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Spanish peanuts play role in West Texas

Spanish peanuts play role in West Texas

Spanish peanuts account for 20 to 25 percent of West Texas production. Recent price increases for Spanish peanuts make them more competitive. Farmers get an earlier maturity date and less total water demand with Spanish peanuts.

Spanish peanuts do not yield as well as runner peanut varieties in West Texas but still may offer growers some advantages.

Earlier maturity allows farmers to schedule harvest more efficiently and may help stretch limited water supplies, especially in dry years.

“Spanish peanuts account for 20 to 25 percent of West Texas production,” says Calvin Trostle, Texas AgriLife Extension agronomist at the Texas A&M Research and Extension Center in Lubbock.

Trostle discussed Spanish peanut variety trials at the  American Peanut Research and Education Society annual meeting in San Antonio.

He said recent price increases for Spanish peanuts make them more competitive with runner types. Still, the smaller-seeded, earlier maturing Spanish peanuts typically do not yield or grade as well as the larger, longer maturity runner varieties.

Trostle said growers want to see how new varieties perform compared to standard varieties in trials so they can make better planting decisions. He takes the trials a step further and plants a runner variety, Flavor Runner 458, with the Spanish to give growers an opportunity to judge differences in yield and grade, especially how runner performs even when dug with the Spanish. He also looks at early season vigor.

One more recent Spanish variety, AT 9899-14, a high oleic, small-seeded peanut is a unique entry. “It’s a Spanish peanut with a runner peanut growth habit, but it’s 10 to 14 days later than other Spanish varieties.” This peanut is a favorite for use in peanut products that require Spanish peanuts.

Trostle says a possible drawback is the variety’s “weak peg attachment. Double-row planting patterns may benefit this one,” he said.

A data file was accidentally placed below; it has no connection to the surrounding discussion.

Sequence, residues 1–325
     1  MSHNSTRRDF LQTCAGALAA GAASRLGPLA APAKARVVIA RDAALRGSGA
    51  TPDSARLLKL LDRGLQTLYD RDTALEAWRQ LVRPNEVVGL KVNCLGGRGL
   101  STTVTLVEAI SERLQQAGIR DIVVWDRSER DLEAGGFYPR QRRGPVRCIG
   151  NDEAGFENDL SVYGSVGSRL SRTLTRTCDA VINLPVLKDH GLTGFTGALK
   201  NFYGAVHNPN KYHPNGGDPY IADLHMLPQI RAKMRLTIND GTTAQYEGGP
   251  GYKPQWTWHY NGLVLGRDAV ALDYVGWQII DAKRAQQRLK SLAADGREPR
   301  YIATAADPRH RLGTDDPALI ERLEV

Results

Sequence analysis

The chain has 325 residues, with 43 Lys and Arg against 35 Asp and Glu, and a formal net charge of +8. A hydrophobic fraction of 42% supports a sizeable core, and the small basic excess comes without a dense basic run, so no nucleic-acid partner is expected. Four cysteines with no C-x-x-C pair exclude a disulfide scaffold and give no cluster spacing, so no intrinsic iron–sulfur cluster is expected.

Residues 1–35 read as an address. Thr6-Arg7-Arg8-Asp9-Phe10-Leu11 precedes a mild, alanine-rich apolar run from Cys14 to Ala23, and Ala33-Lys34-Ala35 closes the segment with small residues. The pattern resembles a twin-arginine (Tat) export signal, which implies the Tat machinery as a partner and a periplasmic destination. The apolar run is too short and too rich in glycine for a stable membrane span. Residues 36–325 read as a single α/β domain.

AT 9899-14 has not performed as well in West Texas as hoped. “It has not kept pace with Tamspan 90 or OLin in Texas trials,” Trostle said. “However, industry data suggest it will outperform OLin. Performance may reflect the production environment.”

He said Tamnut OL06 is a popular Spanish peanut with a large pod and larger nut than typical Spanish varieties but with a shorter maturity date than runners.

“We hoped Tamnut OL06 might perform well as a short-season runner, but yields have not been sufficient in runner trials to merit planting for the runner market.

“Texas AgriLife breeder colleagues also have a new high oleic Spanish peanut in advanced stages of testing.”

Trostle said variety trials that include the runner peanut with Spanish types are all dug at the same time, when Spanish are ready. “We dig the runners sooner than is recommended,” he said.

Even with that disadvantage, runners still yield and grade equal to or slightly better than the Spanish varieties in the trials. “So we have to ask, what advantage do growers get from planting Spanish peanuts? They still get an earlier maturity date and less total water demand,” Trostle said.

He recommended that growers look at “multiple-year data when selecting new varieties. Also when (expected) yields are not made we need to determine if the problem is with the variety or with management. Is irrigation adequate, for instance?”

He said Spanish trials try to “identify what looks good early.”

Trostle also encouraged farmers to do more than watch the calendar to judge digging time by using a hull-scrape method or other technique to evaluate maturity. “Take the guesswork out of digging time,” he said. “Document it.”

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